Wednesday, April 29, 2009

Ether

In something like 500 years we’ve replaced a theological with a mathe­matical scholasticism. The old one could be understood by a reasonably educated and diligent person; the new one requires specialized skills few have the patience to master. Furthermore, it has become difficult to check the new theology independently because the experiments that gave rise to the math are difficult (or very expensive) to reconstruct.

I often think that if I had access to the physical facts, I’d reach conclusions quite at variance with those embraced by science. Another thought is that physics posits tangible facts not because they really exist but because the equations come out a certain way. I’ve yet to read a popular book on physics in which the words persuade me. Elementary particles are supposed to be simultaneously waves and objects. A wave requires a medium like water. The water goes up and down. The cause of this motion is an invisible force. On a beach the force drives the water against the land. The damage, if any, or the rearrangement of the sand at least, is directly caused by the medium, not by the force. When a photon arrives at a screen, something tangibly lands.

My Dictionary of Physics (Penguin, 1977, p. 518) defines the wave much as I’ve defined it above, namely as the disturbance of a medium. For elementary particles, the medium itself is “space” generally and its magnetic or electrical properties particularly, the latter registering the disturbance caused by what I call a “force” and my dictionary simply labels as a “quantity.”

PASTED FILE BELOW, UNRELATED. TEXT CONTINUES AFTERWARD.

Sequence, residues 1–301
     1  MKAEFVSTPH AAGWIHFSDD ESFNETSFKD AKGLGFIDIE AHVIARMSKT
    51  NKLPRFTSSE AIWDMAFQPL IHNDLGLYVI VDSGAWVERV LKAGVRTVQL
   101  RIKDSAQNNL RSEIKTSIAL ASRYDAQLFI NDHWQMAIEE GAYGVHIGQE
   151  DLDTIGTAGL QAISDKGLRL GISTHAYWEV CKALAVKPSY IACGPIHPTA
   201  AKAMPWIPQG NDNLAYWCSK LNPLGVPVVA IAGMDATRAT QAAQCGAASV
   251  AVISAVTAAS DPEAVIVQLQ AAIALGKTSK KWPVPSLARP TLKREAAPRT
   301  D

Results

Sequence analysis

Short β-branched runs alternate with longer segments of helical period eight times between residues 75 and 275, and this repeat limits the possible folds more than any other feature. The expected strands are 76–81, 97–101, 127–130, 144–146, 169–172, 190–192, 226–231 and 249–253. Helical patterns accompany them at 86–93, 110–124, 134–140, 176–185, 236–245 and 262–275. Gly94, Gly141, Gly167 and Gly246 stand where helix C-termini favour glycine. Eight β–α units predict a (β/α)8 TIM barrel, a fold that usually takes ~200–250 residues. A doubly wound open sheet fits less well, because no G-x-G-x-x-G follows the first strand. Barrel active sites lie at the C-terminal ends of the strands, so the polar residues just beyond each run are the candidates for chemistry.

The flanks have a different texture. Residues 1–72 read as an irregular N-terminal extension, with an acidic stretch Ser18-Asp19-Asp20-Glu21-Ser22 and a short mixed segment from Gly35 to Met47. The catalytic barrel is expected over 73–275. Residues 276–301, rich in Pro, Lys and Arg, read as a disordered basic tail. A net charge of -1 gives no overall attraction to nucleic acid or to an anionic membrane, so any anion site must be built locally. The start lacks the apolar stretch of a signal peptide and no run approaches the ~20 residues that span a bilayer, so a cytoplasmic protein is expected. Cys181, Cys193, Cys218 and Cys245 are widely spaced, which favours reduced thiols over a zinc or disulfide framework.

Based on this definition, “space” is filled with “properties” of an electro­magnetic character. Now it strikes me as peculiar to dismiss the old idea of the “ether” as nonexistent and yet to assert that “space” is filled with a “property” which has inertial behavior and is subject to ever-so-faint disturbances by light. The mysterious “field” of modern physics thus turns out to be the ether after all. The last shall be the first, the first last. The Michelson-Morely team (the pair that tested for the ether in 1877 and found it not) may someday be found right on whereas, in the not too distant future, Einstein’s relativity may be honorably retired. That sort of thing wouldn’t surprise me.

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